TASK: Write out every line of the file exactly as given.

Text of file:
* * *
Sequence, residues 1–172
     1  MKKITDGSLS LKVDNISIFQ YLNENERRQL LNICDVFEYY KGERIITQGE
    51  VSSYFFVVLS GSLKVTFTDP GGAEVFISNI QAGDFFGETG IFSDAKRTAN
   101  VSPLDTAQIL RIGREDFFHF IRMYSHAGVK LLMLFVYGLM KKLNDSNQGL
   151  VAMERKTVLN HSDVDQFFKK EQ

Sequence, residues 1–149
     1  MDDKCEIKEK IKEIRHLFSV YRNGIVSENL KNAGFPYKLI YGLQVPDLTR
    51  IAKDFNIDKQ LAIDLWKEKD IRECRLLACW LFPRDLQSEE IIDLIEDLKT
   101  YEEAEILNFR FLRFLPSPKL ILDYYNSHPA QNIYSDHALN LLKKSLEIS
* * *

Sequence, residues 1–172
     1  MKKITDGSLS LKVDNISIFQ YLNENERRQL LNICDVFEYY KGERIITQGE
    51  VSSYFFVVLS GSLKVTFTDP GGAEVFISNI QAGDFFGETG IFSDAKRTAN
   101  VSPLDTAQIL RIGREDFFHF IRMYSHAGVK LLMLFVYGLM KKLNDSNQGL
   151  VAMERKTVLN HSDVDQFFKK EQ

Sequence, residues 1–149
     1  MDDKCEIKEK IKEIRHLFSV YRNGIVSENL KNAGFPYKLI YGLQVPDLTR
    51  IAKDFNIDKQ LAIDLWKEKD IRECRLLACW LFPRDLQSEE IIDLIEDLKT
   101  YEEAEILNFR FLRFLPSPKL ILDYYNSHPA QNIYSDHALN LLKKSLEIS